• If the car is a kit car
  • If it has been imported
  • If the vehicle has been rebuilt or altered radically
  • The car is an old or classic vehicle

In which case, you will need to register it yourself. This can be done no problem and we recommend you go to the Government page dedicated to car registration for more information on how this is done.

Car registration and private plates

If you want a private registration plate then we do recommend you go through the DVLA. They do it for £80 plus VAT and you know that they are a trustworthy source.

But what happens when you get your plate?If you buy a personalised plate online through their website, you will receive an email confirmation within 24 hours. Within two weeks, you will receive a Certificate of Entitlement (V750) in the post to the address you gave. This is your proof of entitlement and will contain the application form you must use to assign the personalised registration to the vehicle.[vc_single_image image=”51942″ img_size=”article-image”]Then, you have to apply to the DVLA to assign the registration number to the car. You can’t put the registration number on the vehicle until you have received a Registration Certificate (V5C) in the new registration number.

Unfortunately, you cannot put a registration number onto a ‘Q’ registered vehicle, nor can you make a vehicle look newer than it is. There are a few do’s and don’ts when it comes to private registration plates, so for more information you can read about it here. 

Car registration and private plates on a lease car

If you have a private plate that you want to put on a lease car then here is what you do;

When you take the plate of the existing vehicle you should get a retention document. This will show the owner of the plate as the grantee. There will be a ‘nominee’ section of the document where the owner of the plate can nominate the registration plate to go on a car registered by someone else or a company. You need to fill this document out and send it to the DVLA. They will then amend the retention and put the name of the finance house.

This is a DVLA process and it should take between 6 to 8 weeks but during busy periods such as March and September, it can take longer. If you are in doubt about this, we recommend you ring your leasing company.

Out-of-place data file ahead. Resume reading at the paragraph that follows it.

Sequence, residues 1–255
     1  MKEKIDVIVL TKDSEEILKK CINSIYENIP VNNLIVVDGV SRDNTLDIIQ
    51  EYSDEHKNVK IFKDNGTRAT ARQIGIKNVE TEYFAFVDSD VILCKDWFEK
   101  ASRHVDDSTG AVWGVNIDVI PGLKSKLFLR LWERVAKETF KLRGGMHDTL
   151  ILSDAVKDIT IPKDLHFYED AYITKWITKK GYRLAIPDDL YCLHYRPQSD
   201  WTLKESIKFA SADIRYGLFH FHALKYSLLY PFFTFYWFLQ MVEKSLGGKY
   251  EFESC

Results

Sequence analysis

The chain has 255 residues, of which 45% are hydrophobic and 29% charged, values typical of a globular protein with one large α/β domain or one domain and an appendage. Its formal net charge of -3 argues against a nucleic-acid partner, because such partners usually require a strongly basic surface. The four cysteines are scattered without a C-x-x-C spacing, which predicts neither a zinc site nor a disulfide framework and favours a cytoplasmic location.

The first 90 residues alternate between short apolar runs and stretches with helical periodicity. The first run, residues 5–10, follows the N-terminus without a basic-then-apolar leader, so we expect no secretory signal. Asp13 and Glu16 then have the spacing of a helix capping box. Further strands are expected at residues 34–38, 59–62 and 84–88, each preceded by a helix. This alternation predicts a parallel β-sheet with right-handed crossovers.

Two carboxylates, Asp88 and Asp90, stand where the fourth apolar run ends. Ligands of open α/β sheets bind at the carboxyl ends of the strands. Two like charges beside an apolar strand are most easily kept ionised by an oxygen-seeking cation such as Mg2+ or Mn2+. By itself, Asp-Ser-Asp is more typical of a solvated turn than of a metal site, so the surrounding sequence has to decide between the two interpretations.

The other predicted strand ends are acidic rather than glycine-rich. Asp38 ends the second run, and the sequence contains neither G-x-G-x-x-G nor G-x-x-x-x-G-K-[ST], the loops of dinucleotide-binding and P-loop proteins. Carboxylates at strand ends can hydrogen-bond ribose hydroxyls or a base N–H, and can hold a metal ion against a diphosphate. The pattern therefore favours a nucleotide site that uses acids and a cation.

So hopefully that has cleared a few things up about car registration. It might seem a bit overwhelming, particularly if you have to register your car yourself but we can assure that it’s not. If you are in doubt, however, you can ring us on 01903 538835 and one of our team will be happy to talk it through with you. JTNDY2VudGVyJTNFJTNDJTIxLS1IdWJTcG90JTIwQ2FsbC10by1BY3Rpb24lMjBDb2RlJTIwLS0lM0UlMEElM0NzcGFuJTIwY2xhc3MlM0QlMjJocy1jdGEtd3JhcHBlciUyMiUyMGlkJTNEJTIyaHMtY3RhLXdyYXBwZXItZmYyMjI3OGUtMTA2ZC00YTRlLWFlNmMtNzU5NzY3YjE0NjUxJTIyJTNFJTBBJTIwJTIwJTIwJTIwJTNDc3BhbiUyMGNsYXNzJTNEJTIyaHMtY3RhLW5vZGUlMjBocy1jdGEtZmYyMjI3OGUtMTA2ZC00YTRlLWFlNmMtNzU5NzY3YjE0NjUxJTIyJTIwaWQlM0QlMjJocy1jdGEtZmYyMjI3OGUtMTA2ZC00YTRlLWFlNmMtNzU5NzY3YjE0NjUxJTIyJTNFJTBBJTIwJTIwJTIwJTIwJTIwJTIwJTIwJTIwJTNDJTIxLS0lNUJpZiUyMGx0ZSUyMElFJTIwOCU1RCUzRSUzQ2RpdiUyMGlkJTNEJTIyaHMtY3RhLWllLWVsZW1lbnQlMjIlM0UlM0MlMkZkaXYlM0UlM0MlMjElNUJlbmRpZiU1RC0tJTNFJTBBJTIwJTIwJTIwJTIwJTIwJTIwJTIwJTIwJTNDYSUyMGhyZWYlM0QlMjJodHRwJTNBJTJGJTJGY3RhLXJlZGlyZWN0Lmh1YnNwb3QuY29tJTJGY3RhJTJGcmVkaXJlY3QlMkYyMzgxNDkyJTJGZmYyMjI3OGUtMTA2ZC00YTRlLWFlNmMtNzU5NzY3YjE0NjUxJTIyJTIwJTIwdGFyZ2V0JTNEJTIyX2JsYW5rJTIyJTIwJTNFJTNDaW1nJTIwY2xhc3MlM0QlMjJocy1jdGEtaW1nJTIyJTIwaWQlM0QlMjJocy1jdGEtaW1nLWZmMjIyNzhlLTEwNmQtNGE0ZS1hZTZjLTc1OTc2N2IxNDY1MSUyMiUyMHN0eWxlJTNEJTIyYm9yZGVyLXdpZHRoJTNBMHB4JTNCJTIyJTIwaGVpZ2h0JTNEJTIyMzM4JTIyJTIwd2lkdGglM0QlMjI4NTglMjIlMjBzcmMlM0QlMjJodHRwcyUzQSUyRiUyRm5vLWNhY2hlLmh1YnNwb3QuY29tJTJGY3RhJTJGZGVmYXVsdCUyRjIzODE0OTIlMkZmZjIyMjc4ZS0xMDZkLTRhNGUtYWU2Yy03NTk3NjdiMTQ2NTEucG5nJTIyJTIwJTIwYWx0JTNEJTIydWx0aW1hdGUlMjBsZWFzaW5nJTIwZ3VpZGUlMjIlMkYlM0UlM0MlMkZhJTNFJTBBJTIwJTIwJTIwJTIwJTNDJTJGc3BhbiUzRSUwQSUyMCUyMCUyMCUyMCUzQ3NjcmlwdCUyMGNoYXJzZXQlM0QlMjJ1dGYtOCUyMiUyMHNyYyUzRCUyMmh0dHBzJTNBJTJGJTJGanMuaHNjdGEubmV0JTJGY3RhJTJGY3VycmVudC5qcyUyMiUzRSUzQyUyRnNjcmlwdCUzRSUwQSUyMCUyMCUyMCUyMCUzQ3NjcmlwdCUyMHR5cGUlM0QlMjJ0ZXh0JTJGamF2YXNjcmlwdCUyMiUzRSUyMGhic3B0LmN0YS5sb2FkJTI4MjM4MTQ5MiUyQyUyMCUyN2ZmMjIyNzhlLTEwNmQtNGE0ZS1hZTZjLTc1OTc2N2IxNDY1MSUyNyUyQyUyMCU3QiU3RCUyOSUzQiUyMCUzQyUyRnNjcmlwdCUzRSUwQSUzQyUyRnNwYW4lM0UlMEElM0MlMjEtLSUyMGVuZCUyMEh1YlNwb3QlMjBDYWxsLXRvLUFjdGlvbiUyMENvZGUlMjAtLSUzRSUzQ2NlbnRlciUyRiUzRSUwQQ==